October brings us something a little different from the norm here at Duplex. Elisabeth Horan‘s solo show is guest curated by Elizabeth Spavento. Spavento, as a curator and human being is interested in experimental curatorial practices, millennial culture and alternative forms of consciousness. Her most recent curatorial project, ALL RISE, is a series of temporary installations and performances organized for a 90,000 sq. ft. gravel lot in downtown Seattle. Her work has been published in Nous Journal, Drain: A Journal of Contemporary Art and Culture and by the Henry Art Gallery on occasion of MAXIMUM FUN: A New Sincerity Event. She currently lives nowhere and works in Seattle, sometimes.
Read Spavento’s curatorial essay here.Duplex: How did you arrive at the body of work? Elisabeth Horan: Lots and lots of experimenting. I was pushing drawing as much as I could really go with the circle pieces. Sculpture is in my heart; that’s what I went to school for. I got this conviction from drawing those circles, going back and repeating the same thing and then I broke out into collage from that. Working with collage is very sculptural to me. I started to collect these things and find really weird ways they go together. I just collect them and keep them for a long time, experiment with what looks best, and then I come to a point where they need to live on or in something. I feel most at home when things are more dimensional.
Elizabeth Spavento: Do you think the circles were inspired by the place? You were making those during your residency in Finland. EH: Yes and no, I started them when I had my first studio space in Northeast. It turns out the woman who owned the space was drawing charcoal circles and making circle nests in that space years before. I considered that a sign and went for it. Pumped out a bunch of circles, brought that wave to Finland, came back and it felt like the right time for collage. Circles had more to do with the movement and existence of my own body. It was just clearing space, really. Letting it loose. I enjoy tracing; I enjoy gel pens. I pushed the medium to its limit. And here I am again on the other side of the revolving door of creative practice. Feel first, ask questions later.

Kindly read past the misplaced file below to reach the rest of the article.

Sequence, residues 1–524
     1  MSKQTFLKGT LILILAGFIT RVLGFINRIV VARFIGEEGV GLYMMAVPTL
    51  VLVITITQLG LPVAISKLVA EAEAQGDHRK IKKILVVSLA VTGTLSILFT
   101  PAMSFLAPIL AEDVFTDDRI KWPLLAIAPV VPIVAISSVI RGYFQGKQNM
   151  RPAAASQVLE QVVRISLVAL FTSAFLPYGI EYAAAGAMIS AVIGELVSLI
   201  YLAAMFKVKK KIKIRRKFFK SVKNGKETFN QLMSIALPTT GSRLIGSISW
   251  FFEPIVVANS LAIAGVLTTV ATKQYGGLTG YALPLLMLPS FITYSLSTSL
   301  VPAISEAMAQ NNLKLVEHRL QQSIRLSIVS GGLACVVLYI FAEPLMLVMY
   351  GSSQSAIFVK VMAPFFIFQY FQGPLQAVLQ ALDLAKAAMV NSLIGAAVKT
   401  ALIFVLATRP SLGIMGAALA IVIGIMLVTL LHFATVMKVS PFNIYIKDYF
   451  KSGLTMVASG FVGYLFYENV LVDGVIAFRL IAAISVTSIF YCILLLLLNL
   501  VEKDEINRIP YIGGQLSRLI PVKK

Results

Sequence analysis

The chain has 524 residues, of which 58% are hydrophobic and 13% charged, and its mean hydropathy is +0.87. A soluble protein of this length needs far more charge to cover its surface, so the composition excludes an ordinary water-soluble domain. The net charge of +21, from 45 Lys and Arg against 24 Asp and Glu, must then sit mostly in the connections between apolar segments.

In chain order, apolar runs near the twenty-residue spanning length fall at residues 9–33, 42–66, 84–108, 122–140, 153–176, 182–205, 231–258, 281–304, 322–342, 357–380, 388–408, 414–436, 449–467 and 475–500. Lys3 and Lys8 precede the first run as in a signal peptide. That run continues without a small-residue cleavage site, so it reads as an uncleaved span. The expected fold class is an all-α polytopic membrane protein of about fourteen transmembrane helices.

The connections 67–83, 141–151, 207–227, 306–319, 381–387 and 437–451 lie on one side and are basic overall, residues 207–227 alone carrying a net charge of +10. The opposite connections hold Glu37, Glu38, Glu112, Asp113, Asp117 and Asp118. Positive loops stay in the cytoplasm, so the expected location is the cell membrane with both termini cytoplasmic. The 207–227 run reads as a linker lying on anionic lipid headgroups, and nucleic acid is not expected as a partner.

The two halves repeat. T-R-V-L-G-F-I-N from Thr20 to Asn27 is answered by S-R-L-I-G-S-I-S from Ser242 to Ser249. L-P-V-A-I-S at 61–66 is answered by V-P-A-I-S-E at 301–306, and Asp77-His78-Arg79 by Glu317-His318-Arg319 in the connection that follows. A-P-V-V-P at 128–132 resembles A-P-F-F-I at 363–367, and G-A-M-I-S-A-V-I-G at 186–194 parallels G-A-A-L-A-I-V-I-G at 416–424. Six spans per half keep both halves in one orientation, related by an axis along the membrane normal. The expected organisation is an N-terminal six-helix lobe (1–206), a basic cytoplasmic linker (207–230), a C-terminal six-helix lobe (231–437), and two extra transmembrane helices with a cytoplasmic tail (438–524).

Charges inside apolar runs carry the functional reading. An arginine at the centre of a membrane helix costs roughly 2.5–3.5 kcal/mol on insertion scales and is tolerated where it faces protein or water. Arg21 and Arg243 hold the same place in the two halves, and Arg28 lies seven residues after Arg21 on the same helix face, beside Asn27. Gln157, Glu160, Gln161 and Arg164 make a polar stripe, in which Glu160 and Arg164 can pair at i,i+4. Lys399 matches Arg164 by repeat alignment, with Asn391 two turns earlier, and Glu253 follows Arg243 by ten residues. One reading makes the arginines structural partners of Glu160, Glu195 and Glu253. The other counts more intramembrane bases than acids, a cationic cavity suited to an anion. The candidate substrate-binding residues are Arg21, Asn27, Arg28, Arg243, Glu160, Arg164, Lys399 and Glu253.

D: Do you see the circles as a sort of creative cleanse? And if so, it’s a really nice thing for you to say as an artist you did this, this cleanse, but it’s also a really strong body of work on its own. Which is kind of cool. EH: Ooh, yeah. That is cool. I was in a space where I knew I needed to be making and I wasn’t ready yet. So I went for it, obsessively tracing. I had one of those defeatist ideas in my mind like, “oh, collage has been done, everyone’s doing collage.” I went full throttle into the Circle Series, and when I stepped away from it, collage took center stage.
D: Do you see this body of collage as sort of your reintroduction into sculpture? EH: It’s starting to happen a little bit, yes. ES: I’m curious to know the relationship you see between collage and sculpture. I feel like, for me, it’s not necessarily an immediate leap. When I consider collage, I still would consider it 2D work. How do you see it as an intermediary between the drawing practice and sculpture? How do you relate those things? EH: For me, collage nuances sculpture because it is pieces of things that I’m moving around with my hands. Building backgrounds, especially in these things that are happening now—that’s very sculptural. And I’ve had a hard time with this myself, wondering: this isn’t drawing, this isn’t painting, what do you call it? I bring life to found images and make them lift up. I help to resurrect the old and forgotten as though they’ve surfaced from piles and piles of magazines hiding in a garage. And now they are having another go-around of being defined. Or defining themselves. Read More «In the Studio – Elisabeth Horan»